Religious Tax Exemptions: Overview

Current Laws, Requirements, Policies

Tax laws are more complicated than the average person can readily understand; tossing into the mix various things tax-exempt organizations might or might not be allowed to do threatens to make the task of understanding superhuman in nature. In reality, however, the issue isn’t all that complicated and the restrictions on what churches and religious organizations can do aren’t difficult to adhere to.

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1. Tax Exemptions Are Not a Right
The most fundamental thing to understand is that no group and no church is “owed” a tax exemption. These exemptions on various taxes are in no way protected by the Constitution — they are created by the legislatures, regulated by the legislatures, and can be taken away by the legislatures. At the same time, tax exemptions — including those for religious groups — are not prohibited by the Constitution.

More: Do Churches Deserve Tax Exemptions?

Court Cases:


2. Tax Exemptions Must Be Available to All
The only restriction on how the legislatures act when it comes to creating and giving out tax exemptions is that they are not permitted to do so based upon preferences for content or based upon a group’s failure to take certain oaths. In other words, once tax exemptions are created at all, the process for allowing certain groups to take advantage of them is restricted by constitutional rights.

In particular, they cannot give exemptions to a group merely because the group is religious, and they cannot take away exemptions for the same reason. If tax exemptions are created for magazines or books or whatever, the exemptions must be available to all parties, not just religious and not just secular applicants.

More: Are Tax Exemptions a Subsidy?

Court Cases:

  • Texas Monthly, Inc. v. Bullock


3. Tax Exemptions Are Related to Public Policies
If a tax-exempt group — religious or secular — promotes ideas which contradict important public policies (like desegregation), then the group’s tax-exempt status may not be granted or extended. Tax exemptions are provided in exchange for groups’ providing services to the community; when the groups undermine important goals of the community, then the tax exemptions are no longer justified.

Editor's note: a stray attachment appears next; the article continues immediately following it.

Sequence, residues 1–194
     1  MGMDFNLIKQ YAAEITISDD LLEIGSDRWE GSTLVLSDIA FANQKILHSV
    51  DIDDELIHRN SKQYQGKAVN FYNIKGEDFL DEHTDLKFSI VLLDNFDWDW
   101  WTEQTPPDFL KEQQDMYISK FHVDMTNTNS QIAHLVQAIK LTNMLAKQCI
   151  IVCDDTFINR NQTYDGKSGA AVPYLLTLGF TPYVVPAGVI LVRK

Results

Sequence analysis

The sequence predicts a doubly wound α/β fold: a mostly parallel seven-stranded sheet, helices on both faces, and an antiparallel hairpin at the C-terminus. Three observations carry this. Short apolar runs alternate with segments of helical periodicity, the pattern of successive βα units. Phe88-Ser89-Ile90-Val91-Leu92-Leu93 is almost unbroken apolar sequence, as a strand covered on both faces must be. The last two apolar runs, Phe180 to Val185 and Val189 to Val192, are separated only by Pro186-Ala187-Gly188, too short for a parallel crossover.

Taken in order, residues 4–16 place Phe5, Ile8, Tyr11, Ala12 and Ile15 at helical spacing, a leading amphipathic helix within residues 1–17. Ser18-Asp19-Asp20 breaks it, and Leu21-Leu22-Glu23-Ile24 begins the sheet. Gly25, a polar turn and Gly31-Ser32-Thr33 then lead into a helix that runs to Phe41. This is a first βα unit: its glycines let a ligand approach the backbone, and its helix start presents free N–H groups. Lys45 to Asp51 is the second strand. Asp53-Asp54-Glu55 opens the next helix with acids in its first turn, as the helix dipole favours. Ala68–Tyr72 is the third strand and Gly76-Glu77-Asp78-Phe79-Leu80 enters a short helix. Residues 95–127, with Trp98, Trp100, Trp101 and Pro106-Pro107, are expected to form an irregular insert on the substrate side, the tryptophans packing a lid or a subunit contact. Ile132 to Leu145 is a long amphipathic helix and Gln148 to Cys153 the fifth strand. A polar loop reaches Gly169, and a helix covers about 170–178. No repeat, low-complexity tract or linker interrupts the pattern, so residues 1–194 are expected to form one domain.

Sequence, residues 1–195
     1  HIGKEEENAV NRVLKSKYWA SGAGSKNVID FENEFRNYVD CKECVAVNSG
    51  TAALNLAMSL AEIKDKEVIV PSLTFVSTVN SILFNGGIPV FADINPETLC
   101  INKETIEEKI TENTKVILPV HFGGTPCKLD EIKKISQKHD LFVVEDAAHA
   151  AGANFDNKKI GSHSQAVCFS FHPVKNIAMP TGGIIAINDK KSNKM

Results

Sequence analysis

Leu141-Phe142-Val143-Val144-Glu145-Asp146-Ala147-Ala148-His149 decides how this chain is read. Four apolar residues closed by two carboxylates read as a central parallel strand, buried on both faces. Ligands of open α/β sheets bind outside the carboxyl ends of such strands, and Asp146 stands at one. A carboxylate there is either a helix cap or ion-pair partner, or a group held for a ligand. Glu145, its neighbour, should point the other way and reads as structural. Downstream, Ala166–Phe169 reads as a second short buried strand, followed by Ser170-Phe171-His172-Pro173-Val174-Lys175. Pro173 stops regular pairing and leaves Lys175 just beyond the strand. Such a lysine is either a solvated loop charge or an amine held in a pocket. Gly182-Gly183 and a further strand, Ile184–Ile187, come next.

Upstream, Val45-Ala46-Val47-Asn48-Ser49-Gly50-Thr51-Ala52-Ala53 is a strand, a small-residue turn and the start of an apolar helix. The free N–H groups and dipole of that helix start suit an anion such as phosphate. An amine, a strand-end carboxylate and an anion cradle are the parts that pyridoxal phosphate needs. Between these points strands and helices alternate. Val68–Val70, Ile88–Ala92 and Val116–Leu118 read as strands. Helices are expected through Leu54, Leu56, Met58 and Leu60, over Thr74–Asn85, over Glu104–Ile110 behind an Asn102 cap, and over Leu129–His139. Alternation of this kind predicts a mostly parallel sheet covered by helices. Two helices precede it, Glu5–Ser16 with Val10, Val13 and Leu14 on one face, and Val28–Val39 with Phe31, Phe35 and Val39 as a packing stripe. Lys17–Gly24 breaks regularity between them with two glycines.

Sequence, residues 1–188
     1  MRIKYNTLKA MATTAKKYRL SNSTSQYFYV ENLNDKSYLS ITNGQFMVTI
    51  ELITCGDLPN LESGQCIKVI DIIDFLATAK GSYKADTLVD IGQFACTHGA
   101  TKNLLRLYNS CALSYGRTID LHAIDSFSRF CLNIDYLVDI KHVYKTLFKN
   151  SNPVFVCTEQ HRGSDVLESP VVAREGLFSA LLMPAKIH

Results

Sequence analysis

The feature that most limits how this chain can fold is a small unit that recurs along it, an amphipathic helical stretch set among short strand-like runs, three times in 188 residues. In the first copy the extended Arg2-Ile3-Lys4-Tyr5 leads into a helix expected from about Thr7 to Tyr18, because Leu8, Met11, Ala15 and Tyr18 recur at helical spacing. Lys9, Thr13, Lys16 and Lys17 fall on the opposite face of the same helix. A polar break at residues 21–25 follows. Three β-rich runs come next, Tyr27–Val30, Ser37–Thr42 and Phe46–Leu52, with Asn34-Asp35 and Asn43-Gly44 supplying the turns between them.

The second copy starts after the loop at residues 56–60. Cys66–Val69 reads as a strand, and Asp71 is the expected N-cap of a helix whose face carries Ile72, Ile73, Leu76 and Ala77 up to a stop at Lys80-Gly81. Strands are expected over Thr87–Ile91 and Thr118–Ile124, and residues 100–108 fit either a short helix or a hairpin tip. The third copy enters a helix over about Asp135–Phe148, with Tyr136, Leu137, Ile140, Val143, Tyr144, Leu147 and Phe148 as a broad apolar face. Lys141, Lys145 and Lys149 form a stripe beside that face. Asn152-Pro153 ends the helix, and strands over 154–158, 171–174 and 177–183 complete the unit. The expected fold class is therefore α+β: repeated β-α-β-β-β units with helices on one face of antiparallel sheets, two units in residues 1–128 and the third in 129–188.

More: When Charities Aren't Charitable

Court Cases:


4. No Tax Exemptions for Commercial Activity
Tax exemptions are almost entirely restricted to those affairs which are religious rather than commercial in nature. Thus, there are numerous tax exemptions on property owned by churches and used for religious worship, but exemptions are normally denied on property used for commerce and business. The site of an actual church will be exempt, but the site of a church-owned shoe store will rarely, if ever, be exempt.

Court Cases:

  • Diffenderfer v. Central Baptist Church

The same is true for income from sales. Money a church receives from donations of members and from financial investments are normally treated as tax-exempt.

On the other hand, money which a church receives from the sale of goods and services — even including goods like religious books and magazines — will normally have sales tax applied, though not income tax at the other end.

More: Commercial Tax Exemptions for Church Businesses

Court Cases:

  • Haller v. Pennsylvania


5. Employees Pay Income Taxes
People paid by the church, whether ministers or janitors, normally have to pay income taxes on their earnings. This is also true when it comes to other payroll taxes like unemployment insurance tax and Social Security tax. One exception on this are the Old Order Amish: they don’t have to pay such taxes when self-employed, but they do have to pay when they employ others, even other Amish.

More: Tax Exemptions Available to Churches

Court Cases:

  • Indianapolis Baptist Temple v. United States


6. No Political Activity For or Against Candidates Permitted
Church tax exemptions are in jeopardy if an organization engages in direct political activity either against or on behalf of a political candidate or in an attempt to directly influence the passage of particular legislation. Churches and religious organizations, just as any other tax-exempt charitable organization, are free to comment on any social, political, or moral issues. They may not, however, speak out for or against political candidates if they wish to continue being tax-exempt. Losing tax-exempt status can mean both having to pay income taxes and that donations to the group will not be tax deductible by the donors.

More: Backlash Against Tax Exemption Policies

Court Cases:

  • Branch Ministries v. Rossotti